Highly Functional and Mentally Ill: What You Don’t Understand

Highly functional in the realm of mental illness is typically described as someone who has many symptoms of a mental illness or is diagnosed with a mental illness but continues to work and live life in a somewhat “functional” way.

When I met my therapist, she described some of the patients that she typically works with. She let me know that she normally works with those who are high functioning and looking to improve their lives. She also went on to tell me about her therapy style which was a mixed bag of informal and formal techniques to address my therapy goals. Obviously..loved her right away.

Mental illness doesn’t have a poster child. Mental illness doesn’t have a spokesperson. Mental illness doesn’t look just “one way”. There are severe cases, there are mild cases and there is everything in between. How your disorder manifests in your life is largely dependent on your brain, your upbringing, your genetics and coping skills.

An invisible illness is still an illness. It seems as though the issue is that when we cannot see the sniffles, the fever, the treatment, the hospital bill, the missed work or the medications prescribed we don’t believe that the person is actually ill.

For me,

I go to work.

I raise my daughter.

I participate in society.

I blog.

I am writing a book.

I laugh, a lot.

I am outgoing.

I have friends.

I have stable romantic relationships.

but I am, still mentally ill.

I think that for the most part, I can hide my condition quiet well, when I feel like I should. I can hide that I have anxiety in a meeting or that I am fretting over my significant over needing to talk later. I can hide that my heart is racing a million times a minute in my office, if I am alone. When applying for jobs, I don’t check the box where it says “Do you have any disabilities” and PTSD is listed. I am not sure why I am still uncomfortable with this, but I am.

Being highly functional and mentally ill is exhausting. If life didn’t already have so much pressure, add hiding an illness into the mix. I feel as though I need to appear that I have it all together and if I don’t..well, what would happen?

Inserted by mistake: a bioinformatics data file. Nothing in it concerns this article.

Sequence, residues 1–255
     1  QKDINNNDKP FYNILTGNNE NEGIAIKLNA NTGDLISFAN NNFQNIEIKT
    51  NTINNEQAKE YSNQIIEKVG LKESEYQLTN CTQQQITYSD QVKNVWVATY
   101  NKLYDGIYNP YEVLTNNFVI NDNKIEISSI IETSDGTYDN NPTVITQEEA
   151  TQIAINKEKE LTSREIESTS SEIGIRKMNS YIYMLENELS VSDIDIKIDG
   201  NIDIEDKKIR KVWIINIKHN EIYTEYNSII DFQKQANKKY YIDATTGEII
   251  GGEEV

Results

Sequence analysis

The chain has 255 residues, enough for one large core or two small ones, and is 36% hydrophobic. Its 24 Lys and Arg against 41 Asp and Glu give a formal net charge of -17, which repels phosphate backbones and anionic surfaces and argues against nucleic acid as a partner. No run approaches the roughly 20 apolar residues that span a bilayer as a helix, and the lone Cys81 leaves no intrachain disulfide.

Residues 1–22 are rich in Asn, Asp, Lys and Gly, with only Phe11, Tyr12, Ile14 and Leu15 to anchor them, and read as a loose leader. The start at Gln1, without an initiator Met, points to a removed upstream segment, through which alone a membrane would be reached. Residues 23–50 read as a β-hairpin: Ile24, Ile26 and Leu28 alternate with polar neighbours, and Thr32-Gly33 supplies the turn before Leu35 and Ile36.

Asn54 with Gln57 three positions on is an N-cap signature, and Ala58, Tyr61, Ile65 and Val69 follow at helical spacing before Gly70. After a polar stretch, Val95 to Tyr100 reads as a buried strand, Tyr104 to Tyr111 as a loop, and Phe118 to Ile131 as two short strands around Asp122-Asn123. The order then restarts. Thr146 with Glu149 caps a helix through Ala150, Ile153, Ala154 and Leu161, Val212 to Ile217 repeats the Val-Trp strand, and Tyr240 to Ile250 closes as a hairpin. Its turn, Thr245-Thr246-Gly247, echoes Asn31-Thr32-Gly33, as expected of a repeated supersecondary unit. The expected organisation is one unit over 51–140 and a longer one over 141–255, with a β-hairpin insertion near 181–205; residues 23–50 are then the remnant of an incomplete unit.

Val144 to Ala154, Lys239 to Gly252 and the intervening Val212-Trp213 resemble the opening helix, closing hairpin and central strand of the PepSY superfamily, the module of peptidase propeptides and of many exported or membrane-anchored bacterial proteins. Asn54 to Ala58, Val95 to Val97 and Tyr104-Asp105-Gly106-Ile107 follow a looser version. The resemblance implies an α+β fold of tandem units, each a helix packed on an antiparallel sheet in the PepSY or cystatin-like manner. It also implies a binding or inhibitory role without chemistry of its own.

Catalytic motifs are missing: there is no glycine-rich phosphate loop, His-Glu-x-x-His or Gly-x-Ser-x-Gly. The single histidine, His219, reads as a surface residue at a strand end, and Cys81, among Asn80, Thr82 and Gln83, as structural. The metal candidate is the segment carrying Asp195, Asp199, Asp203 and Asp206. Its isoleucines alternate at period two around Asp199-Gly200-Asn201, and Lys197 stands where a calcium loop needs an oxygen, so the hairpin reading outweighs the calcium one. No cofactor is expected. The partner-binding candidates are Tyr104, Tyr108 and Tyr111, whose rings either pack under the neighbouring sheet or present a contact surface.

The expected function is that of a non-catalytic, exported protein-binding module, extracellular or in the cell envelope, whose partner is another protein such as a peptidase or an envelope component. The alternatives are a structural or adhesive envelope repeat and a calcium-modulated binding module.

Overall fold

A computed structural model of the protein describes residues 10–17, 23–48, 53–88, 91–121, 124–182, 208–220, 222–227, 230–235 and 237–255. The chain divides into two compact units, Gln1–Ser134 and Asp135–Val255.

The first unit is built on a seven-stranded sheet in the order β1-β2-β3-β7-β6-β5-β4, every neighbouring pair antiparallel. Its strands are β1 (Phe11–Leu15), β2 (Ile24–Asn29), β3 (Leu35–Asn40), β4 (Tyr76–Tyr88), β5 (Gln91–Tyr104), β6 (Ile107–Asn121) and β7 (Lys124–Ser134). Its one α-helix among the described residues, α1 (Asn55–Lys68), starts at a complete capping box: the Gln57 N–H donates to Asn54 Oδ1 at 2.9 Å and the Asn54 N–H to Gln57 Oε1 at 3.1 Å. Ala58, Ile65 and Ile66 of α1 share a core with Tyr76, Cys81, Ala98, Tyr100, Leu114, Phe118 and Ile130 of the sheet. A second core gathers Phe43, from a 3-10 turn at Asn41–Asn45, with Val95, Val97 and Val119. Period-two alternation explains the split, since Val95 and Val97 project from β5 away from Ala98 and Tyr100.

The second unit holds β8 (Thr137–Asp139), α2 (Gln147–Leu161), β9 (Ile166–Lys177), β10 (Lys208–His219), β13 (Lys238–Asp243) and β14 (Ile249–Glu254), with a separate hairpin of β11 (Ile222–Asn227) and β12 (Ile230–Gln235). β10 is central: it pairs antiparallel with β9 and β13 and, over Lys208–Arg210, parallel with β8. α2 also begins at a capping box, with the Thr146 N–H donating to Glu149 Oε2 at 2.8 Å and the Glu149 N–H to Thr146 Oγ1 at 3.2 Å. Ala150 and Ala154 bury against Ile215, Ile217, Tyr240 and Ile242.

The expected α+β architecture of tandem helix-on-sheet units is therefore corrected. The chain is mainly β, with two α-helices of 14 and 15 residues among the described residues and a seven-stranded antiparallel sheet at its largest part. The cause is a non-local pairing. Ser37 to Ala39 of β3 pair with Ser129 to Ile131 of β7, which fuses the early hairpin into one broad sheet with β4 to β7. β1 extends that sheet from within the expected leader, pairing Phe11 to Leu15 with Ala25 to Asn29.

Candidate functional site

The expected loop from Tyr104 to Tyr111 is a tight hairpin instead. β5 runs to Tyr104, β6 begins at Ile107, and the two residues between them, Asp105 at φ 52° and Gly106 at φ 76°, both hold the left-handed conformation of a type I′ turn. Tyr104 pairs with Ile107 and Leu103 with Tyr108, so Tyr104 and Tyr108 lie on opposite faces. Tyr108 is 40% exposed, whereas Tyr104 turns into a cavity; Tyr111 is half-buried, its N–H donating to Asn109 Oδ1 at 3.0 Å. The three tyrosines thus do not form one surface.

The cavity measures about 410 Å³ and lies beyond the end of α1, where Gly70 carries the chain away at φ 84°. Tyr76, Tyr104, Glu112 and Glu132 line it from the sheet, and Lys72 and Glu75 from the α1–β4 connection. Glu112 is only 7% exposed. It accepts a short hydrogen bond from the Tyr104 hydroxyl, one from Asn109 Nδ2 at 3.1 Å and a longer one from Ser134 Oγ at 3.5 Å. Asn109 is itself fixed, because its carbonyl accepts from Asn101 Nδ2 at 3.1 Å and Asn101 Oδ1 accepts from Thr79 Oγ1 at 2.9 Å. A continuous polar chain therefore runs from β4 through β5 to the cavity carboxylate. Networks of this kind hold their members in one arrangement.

Understanding Highly Functional Mental Illness

We aren’t “faking” it.

I am sure that there are people who fake illnesses of all kinds for all kinds of reasons. But it is likely, that someone who is willing to admit to you that they have been diagnosed with a mental health disorder, isn’t faking it. First of all, my symptoms and my diagnoses are so spot on, I couldn’t have faked it if I had tried.

Just because you see that I am typically doing well, doesn’t mean that I have always been doing well. Or that I would be doing well if I wasn’t taking my medication every day.

We have good days and bad days

I think this is true for everyone regardless of mental illness or not. We all have “off” days. We all have days where we have a little more road rage than the day before. We all have days where we just feel like being alone. We all have days where the general mood is just SHITTY. The thing is, when I feel like this, it is concerning to me because I am medicated and normally doing quite well.

I think to myself:

“Are my meds not working?”

“Did I forget my meds?”

“How long will this last?”

“Why am I acting like this?”

“Why don’t I feel happy today?”

When you are labeled as highly functional, it is hard to have a bad day. It is hard to say well today just sucks and I want to be alone. Or today sucks and I need to be around people. Whatever it is! It is hard to not need so much support and then suddenly need it. Does that make sense?

It is HARD to keep it together

I feel like I am in a battle against myself and all the things that come with motherhood, working, living a life and having a mental health condition (or several..but who is counting??)

When do I have time to go to therapy? During the workday, so I have to ask to be able to go.

When do I have time to do self care? When my daughter is asleep, which is never.

When do I have time to spend time with my daughter? from 6-9pm, when I also need to cook, do laundry, work on my blog, take a shower, get her a bath, do her hair, all the things!

When do I have time to spend time with friends? In between all of that.

When do I have time for sex? Always. L-O-L

Today, especially women, have an enormous amount of pressure to have it all. We have been sold this story of you can do it all, have it all, be it all. I think it is really damaging to strive to have the perfect life. To me, life is about balance. Life is about putting one thing off, so I can choose to do something else. Life is about being okay with what you aren’t doing this second (answering emails) so that you can fully participate in the hide and seek game that your daughter has asked you to play 7 times.

In conclusion, being highly functional and mentally ill is exhausting. You can easily get too far ahead of yourself and slip back into old habits. It is hard to maintain a balance in life where you are taking care of you and your condition and taking care of all the other things you need to in life. For me, my condition is about preventative maintenance, medication compliance and trauma work in therapy. Yes..it is as difficult as it sounds.

Need tips for self care?

Need advice for parenting with PTSD?

Want to read more about healing from sexual trauma?

Interested in how I handle parenting with anxiety?

Ever heard of gaslighting?

3 thoughts on “Highly Functional and Mentally Ill: What You Don’t Understand

  1. Pingback: The Next 6 Months

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